Fortunately, research scientists are staying ahead of the curve by using what some may consider unconventional methods — tracking cell phone global positioning (GPS) data and transportation toilet waste to predict disease patterns. While it may seem like studying cell phone data and screening toilet waste for beta-lactam resistant bacteria using regular surveillance methods are two very different things, the concept behind both methods is the same.
Both methods study an aspect of human population dynamics: human travel. For example, toilet waste on an airplane, train, or cruise ship can tell researchers a lot about what pathogenic bacteria human hosts are carrying and where they are transporting the bugs. Likewise, cell phones can show human mobility data on travel. When paralleled with the incidence of rubella in Kenya, cell phone tracking data matched patterns of rubella outbreaks (Wesolowski, 2015).
Kenya was a good place to start since 93% of households own a cell phone. Researchers at Princeton and Harvard Universities compared datasets on rubella incidence in Kenya and cell phone data usage for over 15 million anonymous cell phone subscribers for one year, from June 2008 to June 2009. Tracking cell phones allowed researchers to record travel between different Kenyan provinces and view the daily location of each user.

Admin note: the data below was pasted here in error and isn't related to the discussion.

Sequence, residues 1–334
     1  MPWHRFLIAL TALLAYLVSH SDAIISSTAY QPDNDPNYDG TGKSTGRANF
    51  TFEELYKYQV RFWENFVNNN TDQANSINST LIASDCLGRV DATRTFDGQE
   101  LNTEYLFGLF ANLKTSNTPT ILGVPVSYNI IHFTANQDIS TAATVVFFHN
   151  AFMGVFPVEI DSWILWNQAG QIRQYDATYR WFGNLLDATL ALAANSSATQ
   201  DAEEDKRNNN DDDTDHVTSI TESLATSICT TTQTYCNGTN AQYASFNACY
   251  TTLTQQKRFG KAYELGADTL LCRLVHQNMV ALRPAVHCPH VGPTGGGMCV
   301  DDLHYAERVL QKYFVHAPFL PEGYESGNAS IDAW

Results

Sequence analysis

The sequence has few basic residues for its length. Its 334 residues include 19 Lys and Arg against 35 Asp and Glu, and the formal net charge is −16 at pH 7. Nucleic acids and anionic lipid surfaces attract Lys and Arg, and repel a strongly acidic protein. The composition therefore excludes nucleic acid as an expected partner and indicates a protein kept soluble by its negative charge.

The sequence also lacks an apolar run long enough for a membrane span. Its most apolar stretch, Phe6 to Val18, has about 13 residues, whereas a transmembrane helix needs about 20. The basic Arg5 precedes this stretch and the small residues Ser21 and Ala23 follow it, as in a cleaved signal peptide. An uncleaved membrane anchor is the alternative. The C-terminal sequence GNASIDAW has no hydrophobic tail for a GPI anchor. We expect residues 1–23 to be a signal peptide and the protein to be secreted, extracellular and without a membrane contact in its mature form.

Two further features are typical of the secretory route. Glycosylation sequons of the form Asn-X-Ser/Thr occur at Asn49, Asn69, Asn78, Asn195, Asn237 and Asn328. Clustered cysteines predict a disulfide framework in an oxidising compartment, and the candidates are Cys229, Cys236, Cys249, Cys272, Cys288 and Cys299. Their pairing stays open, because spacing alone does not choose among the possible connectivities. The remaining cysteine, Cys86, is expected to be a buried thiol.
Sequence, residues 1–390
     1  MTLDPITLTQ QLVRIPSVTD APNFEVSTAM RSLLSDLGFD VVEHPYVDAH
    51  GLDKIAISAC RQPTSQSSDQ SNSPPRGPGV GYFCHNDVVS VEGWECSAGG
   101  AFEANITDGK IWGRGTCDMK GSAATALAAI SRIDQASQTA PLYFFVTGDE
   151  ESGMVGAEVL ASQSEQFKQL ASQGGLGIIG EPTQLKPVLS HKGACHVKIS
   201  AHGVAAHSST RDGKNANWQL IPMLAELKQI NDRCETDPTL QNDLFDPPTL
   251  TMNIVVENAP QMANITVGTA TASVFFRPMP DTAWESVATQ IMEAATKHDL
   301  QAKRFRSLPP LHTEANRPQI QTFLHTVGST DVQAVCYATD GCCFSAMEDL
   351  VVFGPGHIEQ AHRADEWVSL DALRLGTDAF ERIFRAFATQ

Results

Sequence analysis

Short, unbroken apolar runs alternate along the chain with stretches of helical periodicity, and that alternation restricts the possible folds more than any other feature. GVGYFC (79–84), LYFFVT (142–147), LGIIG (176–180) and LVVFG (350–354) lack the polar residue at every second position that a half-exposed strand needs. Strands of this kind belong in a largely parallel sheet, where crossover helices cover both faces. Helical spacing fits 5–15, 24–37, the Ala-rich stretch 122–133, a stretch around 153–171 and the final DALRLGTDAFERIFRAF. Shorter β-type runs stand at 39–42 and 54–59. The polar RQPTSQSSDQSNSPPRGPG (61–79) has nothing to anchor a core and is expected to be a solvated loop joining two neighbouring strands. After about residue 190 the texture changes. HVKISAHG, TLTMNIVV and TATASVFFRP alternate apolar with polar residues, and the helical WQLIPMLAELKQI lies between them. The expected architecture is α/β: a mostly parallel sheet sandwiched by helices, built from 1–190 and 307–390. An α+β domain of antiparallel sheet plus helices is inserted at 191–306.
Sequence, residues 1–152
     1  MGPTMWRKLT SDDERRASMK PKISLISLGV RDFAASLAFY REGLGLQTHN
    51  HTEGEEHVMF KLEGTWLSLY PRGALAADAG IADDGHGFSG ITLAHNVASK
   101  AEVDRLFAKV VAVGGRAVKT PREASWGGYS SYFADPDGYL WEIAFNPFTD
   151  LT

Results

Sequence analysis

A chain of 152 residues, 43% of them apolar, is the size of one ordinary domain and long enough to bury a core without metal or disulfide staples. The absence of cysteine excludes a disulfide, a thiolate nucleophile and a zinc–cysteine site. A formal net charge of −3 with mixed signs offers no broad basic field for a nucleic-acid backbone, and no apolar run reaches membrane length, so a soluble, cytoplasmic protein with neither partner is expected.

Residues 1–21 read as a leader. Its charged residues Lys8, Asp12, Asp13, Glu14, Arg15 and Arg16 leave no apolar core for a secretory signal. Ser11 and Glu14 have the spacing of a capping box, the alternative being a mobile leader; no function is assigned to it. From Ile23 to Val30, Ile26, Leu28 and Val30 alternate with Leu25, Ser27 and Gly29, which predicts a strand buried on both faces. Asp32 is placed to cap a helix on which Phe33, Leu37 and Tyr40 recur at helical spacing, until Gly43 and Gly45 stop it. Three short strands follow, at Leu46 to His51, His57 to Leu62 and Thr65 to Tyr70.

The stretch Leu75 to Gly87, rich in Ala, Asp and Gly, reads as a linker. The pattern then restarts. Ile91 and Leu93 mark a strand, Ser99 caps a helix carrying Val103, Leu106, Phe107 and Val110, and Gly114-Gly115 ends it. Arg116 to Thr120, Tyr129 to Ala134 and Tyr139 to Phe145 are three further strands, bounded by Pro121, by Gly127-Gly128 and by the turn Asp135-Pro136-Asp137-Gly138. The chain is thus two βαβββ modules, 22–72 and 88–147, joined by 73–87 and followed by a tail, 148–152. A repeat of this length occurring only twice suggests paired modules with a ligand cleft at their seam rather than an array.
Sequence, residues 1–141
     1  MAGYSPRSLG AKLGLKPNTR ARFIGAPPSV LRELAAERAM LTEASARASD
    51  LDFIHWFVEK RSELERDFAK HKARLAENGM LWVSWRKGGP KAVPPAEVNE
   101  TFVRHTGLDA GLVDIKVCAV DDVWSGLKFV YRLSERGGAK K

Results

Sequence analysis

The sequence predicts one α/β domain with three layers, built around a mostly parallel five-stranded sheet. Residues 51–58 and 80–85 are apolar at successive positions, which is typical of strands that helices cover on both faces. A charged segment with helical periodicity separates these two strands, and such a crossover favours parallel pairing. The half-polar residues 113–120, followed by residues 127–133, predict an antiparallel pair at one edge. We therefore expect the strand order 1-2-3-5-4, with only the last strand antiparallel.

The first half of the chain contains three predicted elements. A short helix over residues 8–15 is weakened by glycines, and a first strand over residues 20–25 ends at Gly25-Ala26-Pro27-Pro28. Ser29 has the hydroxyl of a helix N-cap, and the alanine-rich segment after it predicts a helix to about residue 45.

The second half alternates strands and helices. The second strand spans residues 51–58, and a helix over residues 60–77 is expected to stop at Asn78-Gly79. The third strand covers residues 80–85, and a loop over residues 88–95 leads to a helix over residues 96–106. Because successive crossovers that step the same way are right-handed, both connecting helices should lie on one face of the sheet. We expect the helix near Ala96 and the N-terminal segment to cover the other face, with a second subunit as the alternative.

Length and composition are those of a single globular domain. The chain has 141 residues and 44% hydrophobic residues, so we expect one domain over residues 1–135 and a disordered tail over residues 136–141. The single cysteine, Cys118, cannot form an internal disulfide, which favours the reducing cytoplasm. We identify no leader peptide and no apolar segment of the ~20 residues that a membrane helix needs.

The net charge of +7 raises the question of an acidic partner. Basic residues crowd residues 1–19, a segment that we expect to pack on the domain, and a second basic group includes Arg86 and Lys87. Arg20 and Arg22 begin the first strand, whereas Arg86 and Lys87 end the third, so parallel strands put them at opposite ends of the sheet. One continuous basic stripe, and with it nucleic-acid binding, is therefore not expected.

Interestingly, seasonal human travel was highly correlated with seasonal patterns of rubella. University researchers concluded that rubella incidence more commonly occur when children begin to attend school at the end of summer and when children resume school after major holidays. The researchers of the study expressed confidence that tracking cell phone data usage will be a great tool for exploring wide-scale human travel within countries, and may lead to providing effective localized treatment (Wesolowski, 2015). Furthermore, the researchers at Princeton and Harvard hope to expand their study to other diseases driven by population dynamics, such as malaria and cholera.
In a similar fashion, airplane toilet waste is being used as a method of disease surveillance. Researchers at the National Food Institute, Technical University of Denmark, and DTU Systems Biology conducted a study using septic tanks from 18 aircrafts used for international travel.